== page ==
One hundred and sixty-six students taking Psycology105 were involved in an experiment which tests whether false memories can be produced by studying a list of words that were related semantically. It was assumed that the lure would have a high rate of remember responses. The results from the experiment proved that the lure is likely to produce false recalls, by studying semantically related lists.
Does Studying a Semantically Related List of Words Produce False Memories?
What produces false memories? This has been in the minds of psychologists, ever since the time of Aristotle, who claimed that the mind creates mental associations (contiguity, similarity, and contrast) (cited in Henry L. Roediger 111, David A. Balota & Jason M. Watson, 2000).
An experiment that was investigating the remembering of words not presented on the list, resulted with a mean probability of .65, for the recall of studied words, while for the lure words, a mean probability being recalled was .40.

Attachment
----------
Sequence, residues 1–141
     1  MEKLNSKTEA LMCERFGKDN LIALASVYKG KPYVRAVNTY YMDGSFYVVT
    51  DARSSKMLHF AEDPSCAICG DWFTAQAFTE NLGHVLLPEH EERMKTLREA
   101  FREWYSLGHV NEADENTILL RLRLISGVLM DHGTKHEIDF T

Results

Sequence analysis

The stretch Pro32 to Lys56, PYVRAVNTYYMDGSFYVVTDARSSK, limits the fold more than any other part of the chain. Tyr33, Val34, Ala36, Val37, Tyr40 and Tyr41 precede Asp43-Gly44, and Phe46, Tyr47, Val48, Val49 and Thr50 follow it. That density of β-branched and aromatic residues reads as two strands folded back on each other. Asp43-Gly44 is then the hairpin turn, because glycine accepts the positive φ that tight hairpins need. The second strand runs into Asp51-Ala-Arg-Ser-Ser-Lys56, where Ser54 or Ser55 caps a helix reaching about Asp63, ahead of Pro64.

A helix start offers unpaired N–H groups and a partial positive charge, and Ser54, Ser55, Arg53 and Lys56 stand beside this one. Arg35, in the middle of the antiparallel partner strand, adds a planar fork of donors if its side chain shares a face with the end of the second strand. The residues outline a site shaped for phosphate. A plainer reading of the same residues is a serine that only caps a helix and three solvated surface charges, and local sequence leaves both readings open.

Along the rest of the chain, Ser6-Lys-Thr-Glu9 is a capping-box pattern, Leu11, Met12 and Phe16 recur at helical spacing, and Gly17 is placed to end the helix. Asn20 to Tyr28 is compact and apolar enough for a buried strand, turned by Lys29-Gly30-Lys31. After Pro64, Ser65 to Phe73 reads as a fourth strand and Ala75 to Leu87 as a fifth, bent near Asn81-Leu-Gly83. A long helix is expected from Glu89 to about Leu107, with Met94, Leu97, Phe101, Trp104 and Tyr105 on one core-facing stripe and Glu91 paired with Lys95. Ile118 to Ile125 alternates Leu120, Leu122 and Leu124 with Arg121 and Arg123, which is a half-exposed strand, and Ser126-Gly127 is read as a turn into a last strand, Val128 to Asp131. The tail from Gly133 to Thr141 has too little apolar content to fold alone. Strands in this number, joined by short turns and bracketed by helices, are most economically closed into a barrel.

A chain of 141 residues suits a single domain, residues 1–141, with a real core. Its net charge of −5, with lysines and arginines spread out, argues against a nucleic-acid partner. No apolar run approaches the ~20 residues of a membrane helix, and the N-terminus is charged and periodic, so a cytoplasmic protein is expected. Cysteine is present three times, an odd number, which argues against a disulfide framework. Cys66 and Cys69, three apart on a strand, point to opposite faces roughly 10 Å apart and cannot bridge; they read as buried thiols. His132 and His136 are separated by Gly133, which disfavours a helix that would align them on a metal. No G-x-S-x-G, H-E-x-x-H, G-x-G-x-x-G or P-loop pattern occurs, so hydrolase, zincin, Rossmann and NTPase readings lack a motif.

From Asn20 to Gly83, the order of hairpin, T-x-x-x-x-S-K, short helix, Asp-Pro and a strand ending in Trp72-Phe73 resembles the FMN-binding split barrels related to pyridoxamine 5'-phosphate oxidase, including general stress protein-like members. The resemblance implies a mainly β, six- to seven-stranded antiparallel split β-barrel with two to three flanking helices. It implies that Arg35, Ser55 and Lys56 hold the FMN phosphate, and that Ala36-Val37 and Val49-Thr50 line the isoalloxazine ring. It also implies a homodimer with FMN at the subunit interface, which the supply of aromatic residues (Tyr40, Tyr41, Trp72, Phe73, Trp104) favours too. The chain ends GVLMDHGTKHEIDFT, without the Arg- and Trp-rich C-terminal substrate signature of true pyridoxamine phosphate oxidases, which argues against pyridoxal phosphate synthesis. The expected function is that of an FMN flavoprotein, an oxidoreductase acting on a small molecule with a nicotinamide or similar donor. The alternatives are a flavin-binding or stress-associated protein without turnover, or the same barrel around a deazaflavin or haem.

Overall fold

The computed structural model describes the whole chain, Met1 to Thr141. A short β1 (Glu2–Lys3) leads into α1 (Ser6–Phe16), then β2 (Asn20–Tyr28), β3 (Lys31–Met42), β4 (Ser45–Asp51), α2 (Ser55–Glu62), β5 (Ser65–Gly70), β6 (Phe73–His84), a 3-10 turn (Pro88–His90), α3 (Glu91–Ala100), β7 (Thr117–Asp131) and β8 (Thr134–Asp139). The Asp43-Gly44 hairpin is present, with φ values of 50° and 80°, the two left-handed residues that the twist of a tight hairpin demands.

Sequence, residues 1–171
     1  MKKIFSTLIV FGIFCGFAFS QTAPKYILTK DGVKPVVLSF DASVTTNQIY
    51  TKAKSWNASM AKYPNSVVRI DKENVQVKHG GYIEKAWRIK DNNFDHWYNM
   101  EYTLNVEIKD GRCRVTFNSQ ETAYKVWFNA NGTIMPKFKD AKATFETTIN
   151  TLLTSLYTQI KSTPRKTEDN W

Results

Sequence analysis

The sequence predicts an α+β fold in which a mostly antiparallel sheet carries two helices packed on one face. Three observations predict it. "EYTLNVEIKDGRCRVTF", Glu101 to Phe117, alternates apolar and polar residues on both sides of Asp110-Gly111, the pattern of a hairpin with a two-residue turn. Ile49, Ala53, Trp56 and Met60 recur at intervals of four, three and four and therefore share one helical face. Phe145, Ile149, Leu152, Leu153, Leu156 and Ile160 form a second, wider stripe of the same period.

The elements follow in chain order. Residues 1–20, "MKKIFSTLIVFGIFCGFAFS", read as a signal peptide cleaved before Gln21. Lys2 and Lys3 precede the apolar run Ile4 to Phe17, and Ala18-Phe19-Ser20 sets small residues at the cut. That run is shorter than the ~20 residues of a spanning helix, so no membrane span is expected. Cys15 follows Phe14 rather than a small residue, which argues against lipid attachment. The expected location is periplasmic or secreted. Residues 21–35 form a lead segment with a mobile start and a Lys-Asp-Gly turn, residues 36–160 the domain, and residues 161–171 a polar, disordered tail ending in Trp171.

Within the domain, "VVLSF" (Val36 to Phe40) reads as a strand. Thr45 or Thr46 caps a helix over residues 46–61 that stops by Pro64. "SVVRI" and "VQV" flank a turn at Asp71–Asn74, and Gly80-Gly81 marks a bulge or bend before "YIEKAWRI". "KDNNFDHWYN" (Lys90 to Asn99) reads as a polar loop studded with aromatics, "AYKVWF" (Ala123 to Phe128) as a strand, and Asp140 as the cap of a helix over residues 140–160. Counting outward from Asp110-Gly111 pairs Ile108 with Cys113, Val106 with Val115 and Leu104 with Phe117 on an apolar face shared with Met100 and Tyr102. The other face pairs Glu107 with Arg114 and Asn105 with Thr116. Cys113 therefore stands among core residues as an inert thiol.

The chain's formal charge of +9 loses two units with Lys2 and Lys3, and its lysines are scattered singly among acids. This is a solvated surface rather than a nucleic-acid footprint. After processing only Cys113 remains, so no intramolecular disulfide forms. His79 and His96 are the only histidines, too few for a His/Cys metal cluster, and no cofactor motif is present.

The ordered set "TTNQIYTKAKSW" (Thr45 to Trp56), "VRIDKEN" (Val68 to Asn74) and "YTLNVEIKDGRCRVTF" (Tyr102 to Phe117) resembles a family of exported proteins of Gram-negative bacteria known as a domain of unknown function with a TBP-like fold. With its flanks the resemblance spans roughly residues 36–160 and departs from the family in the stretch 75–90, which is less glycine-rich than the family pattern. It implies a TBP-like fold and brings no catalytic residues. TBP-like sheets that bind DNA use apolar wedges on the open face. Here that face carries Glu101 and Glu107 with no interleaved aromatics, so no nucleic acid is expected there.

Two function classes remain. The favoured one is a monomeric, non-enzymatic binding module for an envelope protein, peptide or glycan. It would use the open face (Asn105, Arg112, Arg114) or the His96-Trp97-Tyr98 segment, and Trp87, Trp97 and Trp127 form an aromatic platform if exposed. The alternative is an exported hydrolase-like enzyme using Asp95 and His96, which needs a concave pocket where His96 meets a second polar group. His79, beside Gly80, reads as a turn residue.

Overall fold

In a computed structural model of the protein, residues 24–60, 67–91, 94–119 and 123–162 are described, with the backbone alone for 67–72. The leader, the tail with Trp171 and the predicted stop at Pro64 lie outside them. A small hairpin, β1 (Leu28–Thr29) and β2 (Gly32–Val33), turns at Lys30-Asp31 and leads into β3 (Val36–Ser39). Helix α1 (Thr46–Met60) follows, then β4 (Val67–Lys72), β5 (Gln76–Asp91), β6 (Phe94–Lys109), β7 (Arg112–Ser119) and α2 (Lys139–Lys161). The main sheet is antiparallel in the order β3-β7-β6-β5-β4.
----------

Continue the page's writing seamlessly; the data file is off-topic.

(Cited in Henry L. Roediger 111 and Kathleen B. McDermott, 1995).This however, can be explained in many factors, such as, that the priming of ideas became known once a related concept was activated. (Cited in Gray, 2002)
Also, another factor is that phonetic characteristics are activated when studying words, as well as semantic traits, which are produced at an equal rate. (Cited in Jason M. Watson, David A. Bolata, and Henry L. Roediger 111, 2003).
However, false memories are likely to occur when studying semantically related lists, due to associative priming, where one concept triggers other ideas alike, both semantically and phonetically. Because the mind acts as a network, all ideas are linked from one to another. This allows the mind to understand its surroundings. (Cited in Gray, 2002).
The experiment undertaken on campus is based on the works of Watson,